The Nutrition Facts for Olive Garden Restaurant Meals

The Nutrition Facts for Olive Garden Restaurant Meals

Nutrition Facts for Olive Garden Restaurant Meals

Olive Garden has been around since 1955. They have over 300 locations worldwide. They are owned by Darden Restaurants which is a privately held company based in Louisville, Kentucky. Their menu items include sandwiches, salads, appetizers and desserts.

According to their website: “In addition to its many popular dishes like Caesar Salad with Chicken, Shrimp & Grits or Grilled Salmon Pasta Salad, Olive Garden offers a wide variety of entrees including Chicken Parmigiana; Beef Short Ribs; Pork Loin Chop; Chicken Teriyaki Grill; Vegetable Lasagna with Meat Sauce and more.”

It goes without saying that the Olive Garden meals are high in fat and carbohydrates. Most of their dishes are based on tomato products and refined flour. The salad menu consists mainly of high calorie, high fat, high sodium dressings.

Olive Garden Nutrition Facts Conclusion

Before you sit down to eat at Olive Garden, you should seriously consider your health goals. Eating out at restaurants can be fun but you need to make the smart decision. By eating at Olive Garden you are helping support an industry that focuses on profit over people.

Eating at home and preparing your own meals is healthier and cheaper in the long run. With a little planning and preparation, you can make your meals taste even better than they would at the restaurant. Stay away from high sodium ingredients and unhealthy fats found in Olive Garden’s menu items. By making the right food choices you will be taking control of your health and helping to prevent disease.

Olive garden nutrition facts reveal that the popular restaurant chain serves meals that are high in fat, sodium and calories. The nutritionfacts.org website reveals the fat, sodium and calorie content for Olive Garden’s most popular dishes. These include the Chicken & Shrimp Carbonara (2,230 calories), Shrimp Scampi (2,040 calories) and Fettuccine Alfredo (2,000 calories).

By comparison, a Big Mac from McDonald’s has only 540 calories and a Sausage McMuffin just 310 calories. A single order of Olive Garden’s Meat Lasagna has a whopping 1,370 calories. For the calorie conscious diner, Olive Garden does offer a children’s menu that is fairly healthy and low in calories. The children’s cheese pizza only has 320 calories and the spaghetti with meatball has only 530 calories.

Olive Garden’s calorie counter doesn’t stop there. The restaurant also offers a wide selection of alcoholic drinks. The peach bellini has a whopping 760 calories and their much advertised Zinfandel drunk has a whopping 560 calories. For those watching their weight, the low calorie option is the soda pop at just 10 calories.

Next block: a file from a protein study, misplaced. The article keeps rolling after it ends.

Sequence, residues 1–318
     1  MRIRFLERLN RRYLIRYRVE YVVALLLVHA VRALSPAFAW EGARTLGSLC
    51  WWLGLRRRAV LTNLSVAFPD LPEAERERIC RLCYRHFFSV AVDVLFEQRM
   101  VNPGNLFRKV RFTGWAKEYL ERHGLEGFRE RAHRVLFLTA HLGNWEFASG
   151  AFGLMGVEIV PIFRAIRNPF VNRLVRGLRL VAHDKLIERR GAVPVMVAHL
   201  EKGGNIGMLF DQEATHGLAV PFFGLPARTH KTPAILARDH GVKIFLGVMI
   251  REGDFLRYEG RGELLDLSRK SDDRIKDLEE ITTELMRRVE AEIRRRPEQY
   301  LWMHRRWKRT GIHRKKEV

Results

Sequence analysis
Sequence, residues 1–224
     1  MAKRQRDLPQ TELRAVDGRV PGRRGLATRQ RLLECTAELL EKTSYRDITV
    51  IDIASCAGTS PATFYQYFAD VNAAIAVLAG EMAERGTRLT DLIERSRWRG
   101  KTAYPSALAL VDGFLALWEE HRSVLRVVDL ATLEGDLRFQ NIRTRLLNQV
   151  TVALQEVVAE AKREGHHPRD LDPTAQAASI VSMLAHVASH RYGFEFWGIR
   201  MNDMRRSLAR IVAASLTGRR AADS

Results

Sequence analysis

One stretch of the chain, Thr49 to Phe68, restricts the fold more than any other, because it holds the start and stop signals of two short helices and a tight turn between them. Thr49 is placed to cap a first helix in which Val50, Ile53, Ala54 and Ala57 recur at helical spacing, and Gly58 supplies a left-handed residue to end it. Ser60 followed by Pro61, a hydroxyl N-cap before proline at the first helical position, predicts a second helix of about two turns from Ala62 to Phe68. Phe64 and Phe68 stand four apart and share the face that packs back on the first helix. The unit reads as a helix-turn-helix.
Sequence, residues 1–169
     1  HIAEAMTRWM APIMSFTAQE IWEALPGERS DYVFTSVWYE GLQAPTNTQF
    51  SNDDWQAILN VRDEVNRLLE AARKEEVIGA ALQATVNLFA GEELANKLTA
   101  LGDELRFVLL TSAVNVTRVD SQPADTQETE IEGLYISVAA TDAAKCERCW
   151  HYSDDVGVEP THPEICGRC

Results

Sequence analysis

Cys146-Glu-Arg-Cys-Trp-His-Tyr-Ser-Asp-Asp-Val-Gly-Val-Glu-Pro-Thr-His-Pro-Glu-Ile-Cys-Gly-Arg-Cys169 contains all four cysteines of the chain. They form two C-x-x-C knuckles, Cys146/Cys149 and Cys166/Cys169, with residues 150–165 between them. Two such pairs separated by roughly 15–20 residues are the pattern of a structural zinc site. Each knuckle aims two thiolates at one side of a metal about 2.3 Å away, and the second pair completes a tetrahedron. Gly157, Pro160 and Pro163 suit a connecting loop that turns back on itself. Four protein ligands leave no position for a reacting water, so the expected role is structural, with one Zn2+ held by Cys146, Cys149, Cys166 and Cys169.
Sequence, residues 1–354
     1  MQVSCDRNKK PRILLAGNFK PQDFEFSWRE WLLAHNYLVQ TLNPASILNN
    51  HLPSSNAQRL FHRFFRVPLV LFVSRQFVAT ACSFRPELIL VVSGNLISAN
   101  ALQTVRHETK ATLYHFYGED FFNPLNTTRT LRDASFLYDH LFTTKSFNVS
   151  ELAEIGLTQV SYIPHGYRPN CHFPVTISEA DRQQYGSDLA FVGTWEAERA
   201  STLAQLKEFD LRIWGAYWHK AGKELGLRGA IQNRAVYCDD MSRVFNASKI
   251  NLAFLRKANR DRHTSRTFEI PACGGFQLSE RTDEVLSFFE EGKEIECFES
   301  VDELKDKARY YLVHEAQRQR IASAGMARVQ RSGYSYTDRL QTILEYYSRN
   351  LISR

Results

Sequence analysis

If you are watching your sodium intake, then you may want to avoid the Olive Garden calorie list altogether. The restaurant is well known for its high sodium content in all of its dishes. According to the CDC, most adults should consume less than 2,300 mg of sodium per day. However, the U.S.

Dietary Guidelines suggest that individuals over 50 years old should limit their sodium intake to 1,500 mg per day.

A few of Olive Garden’s most popular dishes such as the Fettuccine Alfredo and the Lasagna di Carne both contain over 2,200 mg of sodium. Even theChildren’s Macaroni and Cheese is high in sodium at 782 mg per serving. Olive Garden’s calories and sodium levels are very similar to that of their sister chain, Red Lobster. Both are known as casual dining seafood restaurants.

Olive Garden has over 800 locations in the United States and Canada. The restaurant is owned by Darden Restaurants, which is based in Florida. Olive Garden was started in Orlando in 1982 by two former lawyers, Dan and Jean Darden. The couple opened up a smaller cafe called “Olive Tree” which specialized in Italian food. However, it wasn’t until they had their small cafe renovated three years later that it became known as “Olive Garden.”

Sources & references used in this article:

Nutritional information on restaurant menus by B Josiam, C Foster – International Journal of Contemporary …, 2009 – emerald.com

Fast food, phosphorus-containing additives, and the renal diet by S Sarathy, C Sullivan, JB Leon, AR Sehgal – Journal of Renal Nutrition, 2008 – Elsevier

Supplemental Table 1 Peer-reviewed articles used to evaluate the US restaurant industry’s progress to create healthy food environments for American … by …, FDL Pit, HR Café, LH Steakhouse, O Garden… – researchgate.net

The Effect of Restaurant Menu Labeling on Consumer’s Choice: Evidence from a Choice Experiment Involving Eye-Tracking by M Zaffou, B Campbell – 2015 – ageconsearch.umn.edu

Faith and Health Based on Research and Evidence by C Factory, O Garden, TGI Fridays, B Pizza, D Grill… – donovancarper.com

” BETCHA CAN’T EAT JUST ONE…”: AN ANALYSIS OF THE NUTRITIONAL CONTENT OF PRIMETIME TELEVISION FOOD COMMERCIALS by L Wei-Na, ES Tseng – American Academy of Advertising …, 2005 – search.proquest.com